28 January 2011
Posted in NatureWorks
National Geographic reported that a new hybrid of minke whale was discovered in the Arctic. The whale DNA indicated that it was a hybrid of two different types of minke whale, Antarctic and Northern. This was very surprising to scientists because these two different type of whales also have two very different migratory patterns that keep them separated my many miles at all times of the year, or so they thought. The DNA of this hybrid whale, caught in the northeastern Atlantic in 2007, proves that at least once these two types of whales came together and were able to breed.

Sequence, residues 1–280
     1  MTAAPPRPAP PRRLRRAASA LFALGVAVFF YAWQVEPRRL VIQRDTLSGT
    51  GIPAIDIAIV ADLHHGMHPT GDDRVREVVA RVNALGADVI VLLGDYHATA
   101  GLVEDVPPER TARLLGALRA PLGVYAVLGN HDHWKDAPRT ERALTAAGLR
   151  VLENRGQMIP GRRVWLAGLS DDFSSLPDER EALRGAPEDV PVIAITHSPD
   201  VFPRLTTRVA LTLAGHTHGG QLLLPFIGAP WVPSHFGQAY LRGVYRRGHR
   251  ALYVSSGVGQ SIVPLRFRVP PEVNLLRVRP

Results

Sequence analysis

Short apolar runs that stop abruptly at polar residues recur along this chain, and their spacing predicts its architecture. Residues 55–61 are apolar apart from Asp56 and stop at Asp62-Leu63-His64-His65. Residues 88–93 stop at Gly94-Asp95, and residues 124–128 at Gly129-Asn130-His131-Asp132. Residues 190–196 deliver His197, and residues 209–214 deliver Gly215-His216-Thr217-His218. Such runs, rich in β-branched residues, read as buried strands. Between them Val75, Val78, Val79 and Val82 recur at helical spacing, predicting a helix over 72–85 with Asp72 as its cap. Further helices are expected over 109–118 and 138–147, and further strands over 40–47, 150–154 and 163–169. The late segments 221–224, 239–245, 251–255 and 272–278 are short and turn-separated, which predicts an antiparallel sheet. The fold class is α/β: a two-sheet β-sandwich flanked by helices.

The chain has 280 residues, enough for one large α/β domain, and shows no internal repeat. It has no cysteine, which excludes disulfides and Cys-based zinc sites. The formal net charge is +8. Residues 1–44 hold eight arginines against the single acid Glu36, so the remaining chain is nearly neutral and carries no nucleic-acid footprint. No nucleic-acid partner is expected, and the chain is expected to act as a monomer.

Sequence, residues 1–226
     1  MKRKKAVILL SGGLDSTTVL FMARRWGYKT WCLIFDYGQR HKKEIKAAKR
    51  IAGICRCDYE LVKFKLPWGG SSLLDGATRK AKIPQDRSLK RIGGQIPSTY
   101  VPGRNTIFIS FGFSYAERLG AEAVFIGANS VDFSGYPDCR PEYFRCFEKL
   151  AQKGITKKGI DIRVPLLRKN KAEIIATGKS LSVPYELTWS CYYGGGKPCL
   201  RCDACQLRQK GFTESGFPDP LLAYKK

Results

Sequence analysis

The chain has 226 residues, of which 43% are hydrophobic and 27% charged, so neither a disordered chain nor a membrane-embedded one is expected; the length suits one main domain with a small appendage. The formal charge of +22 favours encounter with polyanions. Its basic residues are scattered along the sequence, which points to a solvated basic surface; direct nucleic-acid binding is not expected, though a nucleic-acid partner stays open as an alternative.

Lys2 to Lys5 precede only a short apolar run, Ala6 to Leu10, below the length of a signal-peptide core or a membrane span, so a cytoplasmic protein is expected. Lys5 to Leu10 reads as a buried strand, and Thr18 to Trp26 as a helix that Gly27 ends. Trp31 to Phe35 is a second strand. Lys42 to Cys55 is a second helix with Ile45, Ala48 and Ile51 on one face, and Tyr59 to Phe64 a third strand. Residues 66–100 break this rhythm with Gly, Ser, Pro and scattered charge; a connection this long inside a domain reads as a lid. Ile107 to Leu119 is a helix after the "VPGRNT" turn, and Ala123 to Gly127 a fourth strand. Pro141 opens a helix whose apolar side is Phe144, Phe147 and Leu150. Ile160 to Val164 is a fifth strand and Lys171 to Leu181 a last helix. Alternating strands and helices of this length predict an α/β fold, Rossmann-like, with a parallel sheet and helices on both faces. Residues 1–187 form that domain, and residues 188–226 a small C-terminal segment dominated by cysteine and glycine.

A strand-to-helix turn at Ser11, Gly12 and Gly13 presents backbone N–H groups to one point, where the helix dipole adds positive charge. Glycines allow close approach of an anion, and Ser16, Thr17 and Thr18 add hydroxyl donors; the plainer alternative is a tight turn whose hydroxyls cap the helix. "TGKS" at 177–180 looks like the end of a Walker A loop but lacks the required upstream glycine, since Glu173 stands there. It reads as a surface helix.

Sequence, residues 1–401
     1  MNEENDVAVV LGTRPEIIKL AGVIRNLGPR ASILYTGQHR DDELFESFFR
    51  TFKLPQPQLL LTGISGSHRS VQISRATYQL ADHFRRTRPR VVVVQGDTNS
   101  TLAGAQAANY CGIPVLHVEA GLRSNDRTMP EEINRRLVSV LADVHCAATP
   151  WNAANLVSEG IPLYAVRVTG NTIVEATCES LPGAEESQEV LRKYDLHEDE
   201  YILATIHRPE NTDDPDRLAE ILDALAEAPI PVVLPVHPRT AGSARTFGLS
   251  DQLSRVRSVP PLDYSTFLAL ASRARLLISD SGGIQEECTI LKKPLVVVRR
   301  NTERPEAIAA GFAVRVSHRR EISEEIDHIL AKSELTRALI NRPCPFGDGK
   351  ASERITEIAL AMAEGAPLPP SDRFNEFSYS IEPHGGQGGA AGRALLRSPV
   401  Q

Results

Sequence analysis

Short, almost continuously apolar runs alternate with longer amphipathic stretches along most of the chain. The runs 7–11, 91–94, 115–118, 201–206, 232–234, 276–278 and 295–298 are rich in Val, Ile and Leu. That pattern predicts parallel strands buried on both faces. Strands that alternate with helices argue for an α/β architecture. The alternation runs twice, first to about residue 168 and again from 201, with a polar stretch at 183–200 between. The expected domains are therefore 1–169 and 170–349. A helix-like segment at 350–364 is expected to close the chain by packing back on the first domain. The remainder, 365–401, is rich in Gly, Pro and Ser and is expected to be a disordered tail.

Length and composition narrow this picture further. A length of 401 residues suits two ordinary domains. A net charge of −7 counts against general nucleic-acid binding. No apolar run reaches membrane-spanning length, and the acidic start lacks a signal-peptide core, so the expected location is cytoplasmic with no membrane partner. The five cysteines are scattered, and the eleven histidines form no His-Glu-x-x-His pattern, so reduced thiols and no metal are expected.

So, why would these two whales even be relatively close to one another when they have such different migratory patterns? The answer may have something to do with a drop in the supply of krill, the tiny crustacean that fuels the Antarctic food chain. Japanese studies show that the drop in krill, in the 1980's-1990's, coincided with a drop in Antarctica minke in the Southern Hemisphere. Scientist speculate that as the food supply decreased whales may have gone scouting for food and found their way to the Arctic Circle and the northern minkes. Scientists now have some work on their hands to find out if this whale was a stroke of luck or a new tendency in the animal kingdom.